Global Temperature Report: December 2014
Global climate trend since Nov. 16, 1978: +0.14 C per decade
December temperatures (preliminary)
Global composite temp.: +0.32 C (about 0.58 degrees Fahrenheit) above 30-year average for December.
Northern Hemisphere: +0.46 C (about 0.83 degrees Fahrenheit) above 30-year average for December.
Southern Hemisphere: +0.18 C (about 0.32 degrees Fahrenheit) above 30-year average for December.
Tropics: +0.30 C (about 0.54 degrees Fahrenheit) above 30-year average for December.
November temperatures (revised):
Global Composite: +0.33 C above 30-year average
Northern Hemisphere: +0.35 C above 30-year average
Southern Hemisphere: +0.30 C above 30-year average
Tropics: +0.25 C above 30-year average
(All temperature anomalies are based on a 30-year average (1981-2010) for the month reported.)
Notes on data released Jan. 3, 2015:
2014 was the third warmest year in the 36-year global satellite temperature record, but by such a small margin (0.01 C) as to be statistically similar to other recent years, according to Dr. John Christy, a professor of atmospheric science and director of the Earth System Science Center at The University of Alabama in Huntsville. “2014 was warm, but not special. The 0.01 C difference between 2014 and 2005, or the 0.02 difference with 2013 are not statistically different from zero. That might not be a very satisfying conclusion, but it is at least accurate.”
The 2014 average temperature anomaly also is in keeping with temperatures since late 2001, when the global average temperature rose to a level that is generally warmer than the 30-year baseline average. The most recent 13 complete calendar years, from 2002 through 2014, have averaged 0.18 C (about 0.33 degrees Fahrenheit) warmer than the 30-year baseline average, while the global temperature trend during that span was a warming trend at the rate of +0.05 C per decade — which is also statistically insignificant.
Compared to seasonal norms, the coldest annual average temperature on Earth throughout 2014 was just south of Wilmar, Minnesota. The average 2014 temperature there was –1.27 C (about 2.29 degrees F) colder than normal. The ‘warmest’ place throughout 2014 was just south of the North Pole along the International Date Line. Temperatures there averaged 1.65 C (about 2.97 degrees F) warmer than normal for the year.
Annual Global Temperature Anomalies, ranked
1. 1998 0.42 2. 2010 0.40 3. 2014 0.27 4. 2005 0.26 5. 2013 0.24 6. 2002 0.22 7. 2009 0.21 8. 2007 0.20 9. 2003 0.1910. 2006 0.1911. 2012 0.1712. 2011 0.1313. 2004 0.1114. 2001 0.1115. 1991 0.0216. 1987 0.0117. 1995 0.0118. 1988 0.0119. 1980 -0.0120. 2008 -0.0121. 1990 -0.0222. 1981 -0.0523. 1997 -0.0524. 1999 -0.0625. 1983 -0.0626. 2000 -0.0627. 1996 -0.0828. 1994 -0.1129. 1979 -0.1730. 1989 -0.2131. 1986 -0.2432. 1993 -0.2533. 1982 -0.2534. 1992 -0.2936. 1985 -0.3137. 1984 -0.35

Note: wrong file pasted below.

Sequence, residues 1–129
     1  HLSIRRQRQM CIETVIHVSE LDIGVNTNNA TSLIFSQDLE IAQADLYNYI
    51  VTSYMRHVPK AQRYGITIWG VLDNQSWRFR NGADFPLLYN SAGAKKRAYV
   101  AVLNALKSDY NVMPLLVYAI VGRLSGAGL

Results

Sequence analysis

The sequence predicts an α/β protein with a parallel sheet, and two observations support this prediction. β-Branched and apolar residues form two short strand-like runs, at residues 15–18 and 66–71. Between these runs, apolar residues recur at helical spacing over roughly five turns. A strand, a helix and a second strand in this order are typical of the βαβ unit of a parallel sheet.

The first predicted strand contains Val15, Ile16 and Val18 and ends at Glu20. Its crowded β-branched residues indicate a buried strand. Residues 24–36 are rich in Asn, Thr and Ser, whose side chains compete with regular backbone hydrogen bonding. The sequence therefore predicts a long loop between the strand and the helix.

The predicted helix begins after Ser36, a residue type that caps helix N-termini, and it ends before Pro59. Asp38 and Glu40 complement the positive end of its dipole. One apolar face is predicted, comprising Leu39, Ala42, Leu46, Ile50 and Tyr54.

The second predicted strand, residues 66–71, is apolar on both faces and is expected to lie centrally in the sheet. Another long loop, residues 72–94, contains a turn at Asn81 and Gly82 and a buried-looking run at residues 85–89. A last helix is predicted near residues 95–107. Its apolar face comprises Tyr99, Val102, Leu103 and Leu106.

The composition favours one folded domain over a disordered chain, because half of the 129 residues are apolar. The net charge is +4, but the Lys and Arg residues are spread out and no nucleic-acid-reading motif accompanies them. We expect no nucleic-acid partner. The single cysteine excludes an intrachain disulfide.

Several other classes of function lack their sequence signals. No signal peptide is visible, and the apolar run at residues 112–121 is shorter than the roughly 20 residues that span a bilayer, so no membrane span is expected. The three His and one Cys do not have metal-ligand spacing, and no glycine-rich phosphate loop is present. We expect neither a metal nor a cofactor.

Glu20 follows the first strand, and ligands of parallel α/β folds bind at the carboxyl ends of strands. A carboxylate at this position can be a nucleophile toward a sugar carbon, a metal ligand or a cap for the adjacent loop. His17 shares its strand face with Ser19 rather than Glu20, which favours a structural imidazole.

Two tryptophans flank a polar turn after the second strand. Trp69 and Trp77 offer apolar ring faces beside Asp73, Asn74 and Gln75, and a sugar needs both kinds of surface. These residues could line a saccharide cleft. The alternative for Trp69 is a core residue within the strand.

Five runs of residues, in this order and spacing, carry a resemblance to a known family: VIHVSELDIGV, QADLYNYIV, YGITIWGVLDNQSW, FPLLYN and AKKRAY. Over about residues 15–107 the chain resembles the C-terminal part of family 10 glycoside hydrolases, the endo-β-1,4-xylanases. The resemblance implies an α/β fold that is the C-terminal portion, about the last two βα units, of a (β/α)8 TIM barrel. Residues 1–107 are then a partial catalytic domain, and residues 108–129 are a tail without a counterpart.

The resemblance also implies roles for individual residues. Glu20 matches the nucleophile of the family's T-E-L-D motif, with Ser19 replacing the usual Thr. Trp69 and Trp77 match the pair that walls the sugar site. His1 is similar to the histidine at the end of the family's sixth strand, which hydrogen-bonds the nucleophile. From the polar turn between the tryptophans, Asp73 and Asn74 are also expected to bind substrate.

With a global average temperature that was 0.32 C (about 0.58 degrees Fahrenheit) warmer than seasonal norms, December 2014 trailed only December 2003, which averaged 0.37 C (about 0.67 degrees Fahrenheit) warmer than seasonal norms, among the warmest Decembers in the satellite temperature record. While December 2014 ranked second warmest for both the globe and the Northern Hemisphere, it was only the sixth warmest December in the tropics despite an El Niño Pacific Ocean warming event that seems to be forming there.
Warmest Decembers (1979-2014)(Global average, warmer than seasonal norms)
1. 2003 +0.37 C2. 2014 +0.32 C3. 1987 +0.27 C 2013 +0.27 C5. 2009 +0.24 C6. 2012 +0.23 C7. 1997 +0.22 C 2006 +0.22 C9. 1998 +0.19 C 2005 +0.19 C
Compared to seasonal norms, the coldest place in Earth's atmosphere in December was in northwestern Greenland, where temperatures were as much as 2.70 C (about 4.86 degrees Fahrenheit) colder than seasonal norms. Compared to seasonal norms, the warmest departure from average in December was in central Russia, north of the town of Yeniseysk. Temperatures there were as much as 2.75 C (about 4.86 degrees Fahrenheit) warmer than seasonal norms.
Archived color maps of local temperature anomalies are available on-line at:
As part of an ongoing joint project between UAHuntsville, NOAA and NASA, Christy and Dr. Roy Spencer, an ESSC principal scientist, use data gathered by advanced microwave sounding units on NOAA and NASA satellites to get accurate temperature readings for almost all regions of the Earth. This includes remote desert, ocean and rain forest areas where reliable climate data are not otherwise available.
The satellite-based instruments measure the temperature of the atmosphere from the surface up to an altitude of about eight kilometers above sea level. Once the monthly temperature data is collected and processed, it is placed in a "public" computer file for immediate access by atmospheric scientists in the U.S. and abroad.
Neither Christy nor Spencer receives any research support or funding from oil, coal or industrial companies or organizations, or from any private or special interest groups. All of their climate research funding comes from federal and state grants or contracts.